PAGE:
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The Perils of Falling in Love (With Your Product)


Core product features are a funny thing.

They differentiate you.

They uniquely solve your users’ challenges.

For startups they get you in the game.

They disrupt the status quo.

They drive early traction.


It is easy to get attached to them.

You are proud of them.

You get addicted to the response you get.

You can’t wait to show them off to anyone and everyone.

They are essential to gaining product/market fit.

But here’s the rub.

Some beloved features may impede your path to scale.


Consider the following.

We built a cloud integration platform.

It had a powerful user interface.

No code was required to solve complex challenges.


Business and data analysts were empowered.

They could get things done without that scarcest of creature; the programmer.

It became really popular with resellers of CRM applications.

Their impediment to growth was removed.

They completed more customer projects; better and faster.


We then turned attention to an adjacent market.

SaaS software providers had a similar problem.

Customers needed to integrate their application to a host of other apps.

Without integration effectiveness was diminished.

Customers did not get full value.


The SaaS providers began building integrations themselves.

Product managers could not keep up with the demand.

There were too many integrations; not enough programmers.

They needed a better way.


We began selling our platform as an embedded offering.

One that the SaaS Provider could include as part of their product.

The SaaS Provider’s business and data analysts were again empowered.

They could create solutions for customers outside of engineering.

A handful signed up and had success.

We thought we were on to something big.


A funny thing happened though.

Our embedded business flattened out.

We had difficulty increasing our velocity.

It was a classic ‘chasm’ moment.


We stepped back and reassessed.

We conducted a series of interviews with SaaS Providers.

We ask a set of consistent and structured questions.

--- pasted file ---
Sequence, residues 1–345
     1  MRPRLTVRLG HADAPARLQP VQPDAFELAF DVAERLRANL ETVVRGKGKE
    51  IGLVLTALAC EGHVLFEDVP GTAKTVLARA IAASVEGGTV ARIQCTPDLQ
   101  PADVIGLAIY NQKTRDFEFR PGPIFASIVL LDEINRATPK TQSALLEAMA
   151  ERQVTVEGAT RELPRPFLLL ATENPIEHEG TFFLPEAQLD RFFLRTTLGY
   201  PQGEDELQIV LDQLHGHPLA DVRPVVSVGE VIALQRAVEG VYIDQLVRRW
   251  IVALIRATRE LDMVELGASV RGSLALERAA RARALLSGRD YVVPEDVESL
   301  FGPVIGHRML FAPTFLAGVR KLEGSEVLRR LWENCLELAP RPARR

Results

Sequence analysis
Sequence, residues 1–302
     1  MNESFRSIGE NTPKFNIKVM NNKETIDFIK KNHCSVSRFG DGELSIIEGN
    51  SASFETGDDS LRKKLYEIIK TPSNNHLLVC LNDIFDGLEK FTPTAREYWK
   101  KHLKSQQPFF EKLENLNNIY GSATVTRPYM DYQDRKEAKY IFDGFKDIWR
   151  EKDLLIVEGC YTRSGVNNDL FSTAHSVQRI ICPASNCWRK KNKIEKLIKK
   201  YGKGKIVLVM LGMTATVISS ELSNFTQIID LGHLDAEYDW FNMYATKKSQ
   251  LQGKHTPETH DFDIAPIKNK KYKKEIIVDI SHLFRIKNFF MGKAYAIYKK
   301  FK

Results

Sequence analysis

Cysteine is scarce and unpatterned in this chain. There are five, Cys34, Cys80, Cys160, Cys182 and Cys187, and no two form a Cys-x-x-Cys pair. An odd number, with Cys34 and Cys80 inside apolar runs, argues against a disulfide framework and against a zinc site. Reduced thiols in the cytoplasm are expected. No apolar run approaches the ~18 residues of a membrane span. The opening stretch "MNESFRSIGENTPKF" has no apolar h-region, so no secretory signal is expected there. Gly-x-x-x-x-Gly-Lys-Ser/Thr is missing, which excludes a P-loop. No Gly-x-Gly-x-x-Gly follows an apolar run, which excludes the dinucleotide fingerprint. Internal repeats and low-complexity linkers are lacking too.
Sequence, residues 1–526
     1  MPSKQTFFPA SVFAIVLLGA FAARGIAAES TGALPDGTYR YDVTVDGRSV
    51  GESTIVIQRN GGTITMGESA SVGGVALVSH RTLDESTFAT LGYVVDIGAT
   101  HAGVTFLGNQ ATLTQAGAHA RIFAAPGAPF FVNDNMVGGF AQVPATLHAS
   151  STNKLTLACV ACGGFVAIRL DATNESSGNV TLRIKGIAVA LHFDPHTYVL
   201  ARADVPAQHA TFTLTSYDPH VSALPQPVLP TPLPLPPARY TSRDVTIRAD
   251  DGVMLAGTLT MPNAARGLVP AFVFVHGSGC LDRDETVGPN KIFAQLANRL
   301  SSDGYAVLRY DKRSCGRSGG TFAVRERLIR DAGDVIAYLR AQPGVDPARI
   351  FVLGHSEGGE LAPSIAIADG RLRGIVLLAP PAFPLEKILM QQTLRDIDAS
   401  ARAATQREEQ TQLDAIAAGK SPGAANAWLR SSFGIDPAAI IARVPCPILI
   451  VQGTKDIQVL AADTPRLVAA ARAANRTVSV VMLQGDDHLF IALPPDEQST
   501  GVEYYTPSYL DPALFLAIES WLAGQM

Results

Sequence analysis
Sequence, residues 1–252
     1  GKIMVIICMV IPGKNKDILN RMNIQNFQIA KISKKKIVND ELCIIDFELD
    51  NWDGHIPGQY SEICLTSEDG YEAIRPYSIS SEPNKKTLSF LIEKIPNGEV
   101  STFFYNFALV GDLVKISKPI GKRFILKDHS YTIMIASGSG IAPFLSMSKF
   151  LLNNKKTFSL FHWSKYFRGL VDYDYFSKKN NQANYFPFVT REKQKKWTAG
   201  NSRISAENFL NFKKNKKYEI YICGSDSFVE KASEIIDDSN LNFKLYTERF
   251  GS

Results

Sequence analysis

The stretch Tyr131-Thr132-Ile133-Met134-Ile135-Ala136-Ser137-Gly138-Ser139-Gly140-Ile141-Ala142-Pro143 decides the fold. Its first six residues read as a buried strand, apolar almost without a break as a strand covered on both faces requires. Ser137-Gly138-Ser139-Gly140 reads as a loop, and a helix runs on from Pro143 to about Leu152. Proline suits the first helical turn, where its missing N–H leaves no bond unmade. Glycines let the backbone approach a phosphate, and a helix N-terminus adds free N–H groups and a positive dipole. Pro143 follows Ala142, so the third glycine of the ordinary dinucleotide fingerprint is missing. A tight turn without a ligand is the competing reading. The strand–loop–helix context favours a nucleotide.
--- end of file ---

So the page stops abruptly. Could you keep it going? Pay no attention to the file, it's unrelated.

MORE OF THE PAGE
Our mission was to identify the friction preventing faster growth.

After 10 to 15 interviews the answer became obvious.

We had not fully accounted for a new persona.

The decisions were being delayed or thwarted by the CTO or architect.

We labeled this persona Sheldon.


The challenge with Sheldons is they often did not reveal themselves.

Sheldons had incredible influence over the decision but remained in the shadows.

And while product managers and consultants saw opportunity, Sheldon only saw risk.

That cool user interface we were so fond of became an embodiment of that risk.

How could it possibly solve for our customers’ varied challenges?

What happens if halfway through a project, we get stuck?

What if the integration stops working?

Will we know how to fix it?

When something stops working no CTO wants to admit they don’t know how it works.

There is safety and security in software code.


The strength of our product had become a huge liability to Sheldon.

We had to make a huge pivot.

Our UI had to take a back seat (or at least make room in the front seat) to our platform.

We began enhancing and showcasing its Application Programming Interface or API.

We focused on how you could control the entire platform through code.

We invested heavily in our developer site and built up the community.

Our sales engagement was designed to smoke out Sheldon early.

And our velocity increased, and the business began to scale.


Markets are funny.

While they may seem the same, each segment has its own unique needs.

And those needs can shift and change across each phase of growth.

So don’t get emotionally attached to your features and messaging.

Get emotionally attached to your markets.

To quote the comedian Billy Connelly…

‘The demands are all going to change, so #$%@ing stay awake.’

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